Bracing for Change
Dr. Alex Giannini hasn’t practiced dentistry in over a decade. From his early days in the tooth trade, he’s been an operator first, and a doctor second. That was exactly the sacrifice Alex didn’t want the practitioners at Blackford Dental Management to have to make when he took over as CEO.
Alex was first brought on to the three-year old dental services organization (DSO) in the fall of 2014 in a consulting capacity to help patch the holes that were losing the company over half a million dollars a month. By January 2015 Blackford was break-even, and by March they were making money for the first time.
The investors in the business took another look at the company and saw tremendous growth opportunity with Alex at the helm. “It’s been quite a turnaround,” Alex says. “Same store sales have increased over 75% and EBITDA growth has been astronomically high.”
An Early Operator
Alex partnered with dental school classmates upon graduation. “So right away we were our own little group,” he says. In a crowded market, Alex reflects, there wasn’t enough work to keep dentists busy. He started spending less time with a scalpel and more time on the marketing plan and operations. “I made as much money working on my business than in my business,” Alex says.
Alex’s early years as an operator led him to lengthy stint as an executive of Heartland Dental Care, which today is the largest DSO in the country with over 700 offices. Taking an early retirement at the age of 42, Alex pivoted and went into business with his father, a real estate developer. “I probably made the biggest mistake of my life switching careers,” Alex admits.
By 2008, Alex was back in the chair, with a new venture called Dynamic Dental Partners.”We grew through the recession with double digit growth,” Alex says. In 2014, the company landed a coveted spot on the Inc. 500 at number 14. They brought in private equity investors and Alex eventually exited the successfully growing business.
“When I got to Blackford there were 21 offices and 19 different partners,” says Alex. “They were all solo dentists. They didn’t really know how to behave or communicate as a group.” Alex’s first order was to install systems and structural policies that would give the doctors more freedom to focus on their practice. “I pulled everybody together and had them review and adopt some clinical policies about standards of care.” His vision was doctor-led and patient-centered; it didn’t take much to get the dentists on board.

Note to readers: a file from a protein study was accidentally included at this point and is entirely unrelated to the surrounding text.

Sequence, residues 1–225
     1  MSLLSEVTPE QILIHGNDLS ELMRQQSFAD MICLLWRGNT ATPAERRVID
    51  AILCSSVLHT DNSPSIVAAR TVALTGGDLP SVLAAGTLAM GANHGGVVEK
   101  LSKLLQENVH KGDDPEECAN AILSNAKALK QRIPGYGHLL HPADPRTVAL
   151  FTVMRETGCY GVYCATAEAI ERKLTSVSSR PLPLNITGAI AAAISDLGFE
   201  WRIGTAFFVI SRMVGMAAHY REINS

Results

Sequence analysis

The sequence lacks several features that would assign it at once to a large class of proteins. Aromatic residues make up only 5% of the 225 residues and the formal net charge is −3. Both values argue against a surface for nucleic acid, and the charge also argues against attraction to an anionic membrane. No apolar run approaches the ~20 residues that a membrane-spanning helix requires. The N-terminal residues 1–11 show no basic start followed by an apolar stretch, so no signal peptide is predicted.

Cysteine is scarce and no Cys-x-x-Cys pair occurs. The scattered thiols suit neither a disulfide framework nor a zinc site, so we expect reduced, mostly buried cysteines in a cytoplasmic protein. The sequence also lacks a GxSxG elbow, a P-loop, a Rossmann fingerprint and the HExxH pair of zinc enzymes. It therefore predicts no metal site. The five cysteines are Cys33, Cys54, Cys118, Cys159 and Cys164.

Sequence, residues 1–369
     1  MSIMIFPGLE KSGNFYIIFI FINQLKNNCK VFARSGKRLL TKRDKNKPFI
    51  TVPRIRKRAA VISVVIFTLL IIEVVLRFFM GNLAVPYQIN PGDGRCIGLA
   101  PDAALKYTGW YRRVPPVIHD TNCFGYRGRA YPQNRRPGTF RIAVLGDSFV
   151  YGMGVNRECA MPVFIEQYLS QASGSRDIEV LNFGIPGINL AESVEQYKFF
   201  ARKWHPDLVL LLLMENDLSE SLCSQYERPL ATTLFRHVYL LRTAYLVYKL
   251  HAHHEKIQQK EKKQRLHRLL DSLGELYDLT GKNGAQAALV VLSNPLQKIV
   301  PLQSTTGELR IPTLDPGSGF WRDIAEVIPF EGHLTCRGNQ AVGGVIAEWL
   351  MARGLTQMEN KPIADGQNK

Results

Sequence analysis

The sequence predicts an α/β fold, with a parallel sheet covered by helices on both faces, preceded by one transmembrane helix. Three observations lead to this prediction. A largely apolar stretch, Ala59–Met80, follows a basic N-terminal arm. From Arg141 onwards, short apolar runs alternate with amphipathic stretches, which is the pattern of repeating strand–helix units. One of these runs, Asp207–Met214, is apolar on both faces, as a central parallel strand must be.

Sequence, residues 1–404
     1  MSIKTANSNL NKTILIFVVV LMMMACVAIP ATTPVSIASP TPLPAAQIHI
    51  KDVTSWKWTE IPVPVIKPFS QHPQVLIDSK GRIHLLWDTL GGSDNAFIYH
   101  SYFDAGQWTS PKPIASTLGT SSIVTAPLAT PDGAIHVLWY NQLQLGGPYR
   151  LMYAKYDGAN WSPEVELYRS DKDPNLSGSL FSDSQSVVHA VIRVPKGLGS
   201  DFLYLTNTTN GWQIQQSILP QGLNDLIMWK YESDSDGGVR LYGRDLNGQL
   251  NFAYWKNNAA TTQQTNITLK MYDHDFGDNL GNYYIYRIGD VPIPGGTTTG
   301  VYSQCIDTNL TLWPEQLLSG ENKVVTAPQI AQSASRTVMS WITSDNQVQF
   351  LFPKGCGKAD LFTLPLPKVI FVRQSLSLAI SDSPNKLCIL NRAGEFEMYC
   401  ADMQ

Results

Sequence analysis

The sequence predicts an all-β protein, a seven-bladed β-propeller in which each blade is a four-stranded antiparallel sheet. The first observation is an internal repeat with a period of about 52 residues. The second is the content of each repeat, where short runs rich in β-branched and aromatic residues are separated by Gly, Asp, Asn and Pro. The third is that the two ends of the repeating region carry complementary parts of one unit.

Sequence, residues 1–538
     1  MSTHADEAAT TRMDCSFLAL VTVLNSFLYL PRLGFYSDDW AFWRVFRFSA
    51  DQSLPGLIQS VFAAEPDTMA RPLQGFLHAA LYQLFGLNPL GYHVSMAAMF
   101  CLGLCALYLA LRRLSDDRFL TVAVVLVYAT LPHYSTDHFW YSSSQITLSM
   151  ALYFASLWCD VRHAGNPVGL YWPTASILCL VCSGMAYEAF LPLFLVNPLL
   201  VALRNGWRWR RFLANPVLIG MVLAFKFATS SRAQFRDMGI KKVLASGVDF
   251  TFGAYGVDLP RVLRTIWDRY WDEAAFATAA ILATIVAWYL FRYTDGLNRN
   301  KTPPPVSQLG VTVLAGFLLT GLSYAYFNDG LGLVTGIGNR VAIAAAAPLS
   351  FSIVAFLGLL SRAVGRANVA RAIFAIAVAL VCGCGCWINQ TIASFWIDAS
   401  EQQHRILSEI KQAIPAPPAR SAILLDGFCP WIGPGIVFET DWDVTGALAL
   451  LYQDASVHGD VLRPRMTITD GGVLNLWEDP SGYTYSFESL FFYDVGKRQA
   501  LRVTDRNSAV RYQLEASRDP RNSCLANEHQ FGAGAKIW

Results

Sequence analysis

“I really believe that the dentists have to lead and be the visionaries for their own practice and the market they operate in,” says Alex. Blackford operates in a virtual partnership structure with many of the individual practices it owns. Alex’s goal is to provide the very best technology, equipment, and training the doctors need to run successful offices. “Blackford is purely a business partner,” says Alex. “We’re there to support the dentists by providing back-office support, marketing, compliance, IT, and procurement.” Doctors can spend more time taking care of the patient — creating a happy, recurring customer base and a predictable flow of revenue and referrals.
According to Alex, dentistry has undergone a complete metamorphosis in the last decade. “In the early 2000s, 3% of all dentists were in a group practice and today it’s estimated to be almost 15-18%,” says Alex. The industry predicts that by 2030 the market will be split evenly between the DSO model and the independent practice.
“There are a lot of models to build great DSO groups,” says Alex. To go to the next level, however, Alex points to the need for capital infusion and operational experience. Blackford is actively sourcing acquisition targets across the country and expects this to be their primary source of growth.
“We have a unique model,” says Alex. “The folks that join us are doctor-leaders and I do not allow them to relinquish their leadership duties.” Blackford looks for dentists who want to spend more time with patients and less on the administration of running a practice. At the same time, they value an entrepreneurial mentality. “That’s an absolute deal breaker for me,” says Alex.